So far, the ECB has implemented rate cuts, provided cheap loans to banks and purchased covered bonds and asset backed securities in the hope of stimulating the euro zone economy. However, with consumer prices now falling in the region, the ECB has implied that it is ready to reveal even greater measures to try to boost inflation back to its target levels and provide a fillip for growth in the region.
The ECB’s balance sheet currently stands at just over 2 trillion euros ($2.33 trillion) but it has intentions to raise it to 3 trillion euros. A U.S. Federal Reserve-style program of sovereign bond purchases has been touted despite fears over its legitimacy and opposition from Germany.
Germany is the largest euro zone economy, and would likely be the recipient of the largest amount of ECB cash under such a package. There are fears on the part of German policymakers that it could give struggling euro zone governments an excuse for not implementing the fiscal reforms they need.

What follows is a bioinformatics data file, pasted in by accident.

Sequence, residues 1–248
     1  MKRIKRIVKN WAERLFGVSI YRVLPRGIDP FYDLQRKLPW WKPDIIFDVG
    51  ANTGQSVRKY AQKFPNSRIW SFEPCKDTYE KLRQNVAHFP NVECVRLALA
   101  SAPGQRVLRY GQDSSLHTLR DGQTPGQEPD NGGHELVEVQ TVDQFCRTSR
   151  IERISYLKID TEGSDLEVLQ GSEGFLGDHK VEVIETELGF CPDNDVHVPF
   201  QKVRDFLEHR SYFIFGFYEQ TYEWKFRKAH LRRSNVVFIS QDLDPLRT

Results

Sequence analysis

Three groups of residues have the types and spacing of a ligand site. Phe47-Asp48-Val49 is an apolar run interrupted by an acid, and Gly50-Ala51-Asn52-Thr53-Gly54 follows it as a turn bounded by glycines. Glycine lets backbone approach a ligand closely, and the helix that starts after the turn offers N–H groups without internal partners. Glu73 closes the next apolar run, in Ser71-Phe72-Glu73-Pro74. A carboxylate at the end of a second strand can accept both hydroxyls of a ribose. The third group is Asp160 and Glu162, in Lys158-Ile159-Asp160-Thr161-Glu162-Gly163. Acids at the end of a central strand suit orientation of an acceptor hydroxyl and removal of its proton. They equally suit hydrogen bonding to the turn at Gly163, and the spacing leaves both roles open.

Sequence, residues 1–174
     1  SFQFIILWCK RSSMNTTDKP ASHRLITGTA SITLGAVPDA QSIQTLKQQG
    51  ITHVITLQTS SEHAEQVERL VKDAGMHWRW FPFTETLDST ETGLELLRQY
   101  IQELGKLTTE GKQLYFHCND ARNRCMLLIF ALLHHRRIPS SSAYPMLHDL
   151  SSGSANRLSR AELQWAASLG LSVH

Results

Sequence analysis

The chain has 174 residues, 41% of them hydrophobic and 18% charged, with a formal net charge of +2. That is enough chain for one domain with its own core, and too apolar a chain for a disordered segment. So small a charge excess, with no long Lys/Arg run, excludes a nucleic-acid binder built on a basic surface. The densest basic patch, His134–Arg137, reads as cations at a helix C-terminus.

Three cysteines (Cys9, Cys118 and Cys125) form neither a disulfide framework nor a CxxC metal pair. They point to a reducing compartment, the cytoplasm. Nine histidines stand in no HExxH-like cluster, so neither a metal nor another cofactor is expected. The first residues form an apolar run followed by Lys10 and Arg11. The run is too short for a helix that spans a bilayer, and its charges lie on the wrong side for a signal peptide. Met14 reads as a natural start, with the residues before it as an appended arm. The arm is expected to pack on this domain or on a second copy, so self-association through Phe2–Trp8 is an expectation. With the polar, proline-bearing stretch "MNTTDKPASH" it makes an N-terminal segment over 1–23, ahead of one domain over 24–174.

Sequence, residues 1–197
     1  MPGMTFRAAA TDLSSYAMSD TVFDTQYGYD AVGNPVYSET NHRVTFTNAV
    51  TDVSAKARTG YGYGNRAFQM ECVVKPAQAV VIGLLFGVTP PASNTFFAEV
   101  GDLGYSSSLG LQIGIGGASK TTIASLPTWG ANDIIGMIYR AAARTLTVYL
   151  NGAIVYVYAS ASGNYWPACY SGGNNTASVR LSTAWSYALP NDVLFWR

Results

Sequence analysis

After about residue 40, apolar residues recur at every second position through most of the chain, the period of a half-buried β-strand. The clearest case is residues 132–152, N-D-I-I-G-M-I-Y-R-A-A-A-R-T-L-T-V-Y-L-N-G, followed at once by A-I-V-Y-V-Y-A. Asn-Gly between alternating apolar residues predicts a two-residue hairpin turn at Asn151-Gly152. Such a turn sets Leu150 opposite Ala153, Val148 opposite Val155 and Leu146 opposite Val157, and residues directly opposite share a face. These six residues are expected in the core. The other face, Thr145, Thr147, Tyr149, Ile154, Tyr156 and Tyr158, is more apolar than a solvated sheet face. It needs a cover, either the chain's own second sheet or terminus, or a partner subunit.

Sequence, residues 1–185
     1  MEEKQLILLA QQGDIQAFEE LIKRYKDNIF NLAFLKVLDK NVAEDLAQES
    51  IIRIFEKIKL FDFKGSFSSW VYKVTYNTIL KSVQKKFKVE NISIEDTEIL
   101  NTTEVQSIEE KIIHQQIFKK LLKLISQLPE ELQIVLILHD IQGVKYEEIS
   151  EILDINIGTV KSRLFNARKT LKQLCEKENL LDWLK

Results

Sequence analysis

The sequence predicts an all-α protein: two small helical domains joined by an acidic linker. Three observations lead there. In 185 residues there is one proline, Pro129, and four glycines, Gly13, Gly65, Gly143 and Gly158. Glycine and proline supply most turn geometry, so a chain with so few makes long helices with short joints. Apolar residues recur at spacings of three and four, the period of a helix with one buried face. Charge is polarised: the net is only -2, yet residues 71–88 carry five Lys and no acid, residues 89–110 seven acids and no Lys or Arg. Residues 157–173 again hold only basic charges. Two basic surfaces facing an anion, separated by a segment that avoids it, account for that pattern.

“QE might be limited in its scope in order to appease German opposition to a central bank funding government debt,” Gemma Godfrey, the head of investment strategy at Brooks Macdonald, told CNBC via email.
The amount of firepower the ECB has is also “questionable” and its ability to deploy it is unproven, according to Godfrey. She believes that the main risk could this year could actually be a U.S. recovery failing to lift growth in the rest of the world and Europe, instead, pulling U.S. growth lower.
“There is a risk the additional liquidity finds its home in higher-yielding opportunities outside the euro zone,” she added, also explaining that “more money doesn’t necessarily mean more jobs” if the stimulus doesn’t find its way into the pockets of the consumer.
With equity analysts generally bullish about European stock markets this year, it could be the single currency that shows the most impact from next Thursday’s rate decision. The euro has depreciated by 15 percent against the dollar since the start of 2014 and there’s a consensus that QE could flood the market with euros and push it even lower.
via CNBC 
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